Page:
The pro peloton is a hotbed of futuristic technological advancement; the cutting edge of our sport with the fastest bikes, the lightest components and the most expensive accessories, all created by some of the brightest engineering minds in our sport.
Rare, then, is it that you see a rider dive into the history books and adopt a generations-old hack for puncture protection, but that’s exactly what Oscar Sevilla (Medellín-EPM) did at the Vuelta a San Juan.
In a video posted to the team’s Instagram ahead of the final stage, 46-year-old Sevilla proudly shows off his “trick”, in which he’s wrapped a few inches of electrical tape – at a cost of just a few cents – around the seat stays and fork legs of his $14,000 S-Works Tarmac SL7 race bike. The tape is positioned so precisely that it very nearly touches each tyre with the intention of ‘sweeping’ away any pieces of debris that are picked up from the road.
“This is a trick I learned here in Argentina,” Sevilla explains. “Nowadays you get a lot of thistles, little bits and pieces, and people walking around carry them on their shoes. And they cause a lot of punctures. So this nicks them off, cleans it.”
Sevilla’s hack is a makeshift replica of a small add-on accessory found on bikes from as far back as the 1940s, possibly further. Known as flint catchers, tyre sweepers, tyre wipers, and perhaps optimistically, even tyre savers, they were mounted to the brake mounting bolt and featured a small D-shaped wire that would wrap around the surface of the tyre.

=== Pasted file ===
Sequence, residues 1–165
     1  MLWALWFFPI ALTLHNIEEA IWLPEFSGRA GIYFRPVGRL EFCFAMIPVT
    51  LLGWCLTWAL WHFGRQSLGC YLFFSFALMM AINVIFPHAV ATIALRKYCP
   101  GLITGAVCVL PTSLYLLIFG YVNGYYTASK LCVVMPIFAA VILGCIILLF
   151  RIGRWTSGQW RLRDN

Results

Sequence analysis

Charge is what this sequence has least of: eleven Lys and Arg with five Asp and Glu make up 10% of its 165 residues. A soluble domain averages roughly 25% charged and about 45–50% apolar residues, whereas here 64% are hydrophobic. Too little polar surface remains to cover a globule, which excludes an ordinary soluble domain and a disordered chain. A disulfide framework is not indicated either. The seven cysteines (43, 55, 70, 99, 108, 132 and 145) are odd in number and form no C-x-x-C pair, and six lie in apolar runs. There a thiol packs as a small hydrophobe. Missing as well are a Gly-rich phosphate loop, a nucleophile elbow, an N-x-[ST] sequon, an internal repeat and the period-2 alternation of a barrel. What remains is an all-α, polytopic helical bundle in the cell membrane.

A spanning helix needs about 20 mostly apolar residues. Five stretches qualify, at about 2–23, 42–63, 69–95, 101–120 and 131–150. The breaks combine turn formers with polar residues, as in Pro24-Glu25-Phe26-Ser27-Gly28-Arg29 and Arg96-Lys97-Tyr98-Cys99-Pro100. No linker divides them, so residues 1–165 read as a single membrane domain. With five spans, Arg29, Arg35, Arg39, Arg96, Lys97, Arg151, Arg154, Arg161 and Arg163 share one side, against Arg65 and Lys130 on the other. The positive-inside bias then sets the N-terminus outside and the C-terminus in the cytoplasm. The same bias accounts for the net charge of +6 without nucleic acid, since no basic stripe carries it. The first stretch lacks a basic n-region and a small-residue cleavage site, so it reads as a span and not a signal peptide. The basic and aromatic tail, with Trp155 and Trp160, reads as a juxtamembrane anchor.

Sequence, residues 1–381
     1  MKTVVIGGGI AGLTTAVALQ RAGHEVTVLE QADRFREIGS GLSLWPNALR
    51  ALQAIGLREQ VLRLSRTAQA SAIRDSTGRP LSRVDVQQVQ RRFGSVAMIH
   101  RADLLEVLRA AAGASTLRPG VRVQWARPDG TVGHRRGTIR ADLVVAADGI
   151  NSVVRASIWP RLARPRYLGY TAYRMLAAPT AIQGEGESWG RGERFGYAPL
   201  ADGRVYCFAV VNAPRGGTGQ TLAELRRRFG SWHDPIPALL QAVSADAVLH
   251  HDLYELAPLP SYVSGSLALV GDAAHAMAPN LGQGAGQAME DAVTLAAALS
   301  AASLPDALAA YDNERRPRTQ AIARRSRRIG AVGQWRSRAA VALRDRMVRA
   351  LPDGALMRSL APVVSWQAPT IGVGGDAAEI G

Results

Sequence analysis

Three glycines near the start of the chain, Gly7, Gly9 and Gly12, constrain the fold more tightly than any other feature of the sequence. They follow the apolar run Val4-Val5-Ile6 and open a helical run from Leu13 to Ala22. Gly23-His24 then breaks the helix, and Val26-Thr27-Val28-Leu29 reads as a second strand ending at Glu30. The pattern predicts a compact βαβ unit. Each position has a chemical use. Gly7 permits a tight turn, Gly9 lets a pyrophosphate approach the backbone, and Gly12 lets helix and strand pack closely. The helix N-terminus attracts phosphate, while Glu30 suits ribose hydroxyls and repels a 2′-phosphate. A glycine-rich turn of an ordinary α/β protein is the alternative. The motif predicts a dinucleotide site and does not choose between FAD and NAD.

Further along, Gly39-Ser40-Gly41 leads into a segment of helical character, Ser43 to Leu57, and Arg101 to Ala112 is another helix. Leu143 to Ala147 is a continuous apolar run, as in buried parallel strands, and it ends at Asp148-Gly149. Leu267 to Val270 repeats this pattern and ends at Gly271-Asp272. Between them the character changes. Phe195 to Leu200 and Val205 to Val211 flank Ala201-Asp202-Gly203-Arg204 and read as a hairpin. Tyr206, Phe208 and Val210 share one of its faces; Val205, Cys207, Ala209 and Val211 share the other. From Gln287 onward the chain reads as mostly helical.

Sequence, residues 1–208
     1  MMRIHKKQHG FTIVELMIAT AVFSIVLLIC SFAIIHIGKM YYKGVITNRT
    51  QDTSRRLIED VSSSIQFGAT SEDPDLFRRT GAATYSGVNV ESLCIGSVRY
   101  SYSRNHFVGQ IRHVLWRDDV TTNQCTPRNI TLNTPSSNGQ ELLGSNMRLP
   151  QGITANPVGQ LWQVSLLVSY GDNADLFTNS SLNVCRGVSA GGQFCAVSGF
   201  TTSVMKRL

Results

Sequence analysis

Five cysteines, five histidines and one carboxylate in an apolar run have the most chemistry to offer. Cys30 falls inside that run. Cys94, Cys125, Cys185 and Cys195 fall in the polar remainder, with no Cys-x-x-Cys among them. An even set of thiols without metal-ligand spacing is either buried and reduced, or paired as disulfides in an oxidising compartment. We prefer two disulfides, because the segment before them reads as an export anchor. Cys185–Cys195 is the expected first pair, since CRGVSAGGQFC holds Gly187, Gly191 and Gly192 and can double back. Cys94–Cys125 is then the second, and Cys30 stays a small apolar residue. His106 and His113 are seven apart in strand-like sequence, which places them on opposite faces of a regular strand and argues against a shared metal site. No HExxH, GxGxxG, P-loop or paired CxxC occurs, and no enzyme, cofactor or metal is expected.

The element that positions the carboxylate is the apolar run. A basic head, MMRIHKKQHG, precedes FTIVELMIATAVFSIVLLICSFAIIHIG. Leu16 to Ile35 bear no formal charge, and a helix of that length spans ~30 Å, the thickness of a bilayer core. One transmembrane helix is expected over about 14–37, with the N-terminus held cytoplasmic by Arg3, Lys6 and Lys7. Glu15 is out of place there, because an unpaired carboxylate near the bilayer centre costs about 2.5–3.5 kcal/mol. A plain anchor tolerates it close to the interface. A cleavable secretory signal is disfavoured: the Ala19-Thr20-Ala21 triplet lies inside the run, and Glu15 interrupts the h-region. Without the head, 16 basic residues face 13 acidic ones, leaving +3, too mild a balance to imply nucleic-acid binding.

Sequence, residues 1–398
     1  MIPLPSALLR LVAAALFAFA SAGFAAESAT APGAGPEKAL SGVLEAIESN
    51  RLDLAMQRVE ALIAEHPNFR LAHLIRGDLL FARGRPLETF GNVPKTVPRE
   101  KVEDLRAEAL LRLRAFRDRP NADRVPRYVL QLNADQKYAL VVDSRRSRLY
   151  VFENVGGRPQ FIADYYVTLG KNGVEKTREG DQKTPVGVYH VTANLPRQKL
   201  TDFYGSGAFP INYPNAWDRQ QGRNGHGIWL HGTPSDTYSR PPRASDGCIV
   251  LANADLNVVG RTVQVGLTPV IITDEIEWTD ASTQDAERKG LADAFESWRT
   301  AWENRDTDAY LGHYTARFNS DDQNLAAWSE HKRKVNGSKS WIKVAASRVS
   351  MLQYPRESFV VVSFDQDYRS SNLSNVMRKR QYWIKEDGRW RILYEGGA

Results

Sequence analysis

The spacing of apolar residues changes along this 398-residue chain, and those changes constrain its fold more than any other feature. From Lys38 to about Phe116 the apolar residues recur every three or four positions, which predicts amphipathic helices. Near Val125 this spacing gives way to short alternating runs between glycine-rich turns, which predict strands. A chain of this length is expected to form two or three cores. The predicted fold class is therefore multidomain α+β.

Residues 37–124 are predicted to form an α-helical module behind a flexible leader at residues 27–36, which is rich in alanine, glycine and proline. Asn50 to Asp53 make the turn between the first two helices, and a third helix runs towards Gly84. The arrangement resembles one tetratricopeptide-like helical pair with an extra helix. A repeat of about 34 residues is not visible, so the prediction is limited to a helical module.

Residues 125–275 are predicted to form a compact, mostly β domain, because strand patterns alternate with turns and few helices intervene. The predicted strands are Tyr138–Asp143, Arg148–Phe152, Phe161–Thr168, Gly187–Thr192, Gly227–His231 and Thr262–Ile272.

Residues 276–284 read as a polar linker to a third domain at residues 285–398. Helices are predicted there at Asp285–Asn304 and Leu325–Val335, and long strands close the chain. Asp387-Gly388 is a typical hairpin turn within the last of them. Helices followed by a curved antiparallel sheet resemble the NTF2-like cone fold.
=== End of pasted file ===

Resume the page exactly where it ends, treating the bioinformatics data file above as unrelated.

Like Sevilla’s piece of tape, their purpose was to dislodge any larger pieces of debris that had attached themselves to the tyre before they could make their way around again and be pushed further into the tyre, where they would likely cause a puncture. While they went out of fashion long ago, it is still possible to buy them, with retro-connoisseurs Reneherse offering a pair for $18.00 (opens in new tab).
Interestingly, Sevilla’s bike is equipped with Roval Rapide CLX II aero wheels – as confirmed by this separate Instagram post – which are tubeless compatible. Despite this, and his apparent concerns surrounding punctures, Sevilla’s wheels are wrapped in the not-tubeless Specialized Turbo Cotton clincher tyres, which are well revered for their low rolling resistance, but not so well known for durability or puncture protection.
Specialized does make a number of tubeless-ready tyres,…
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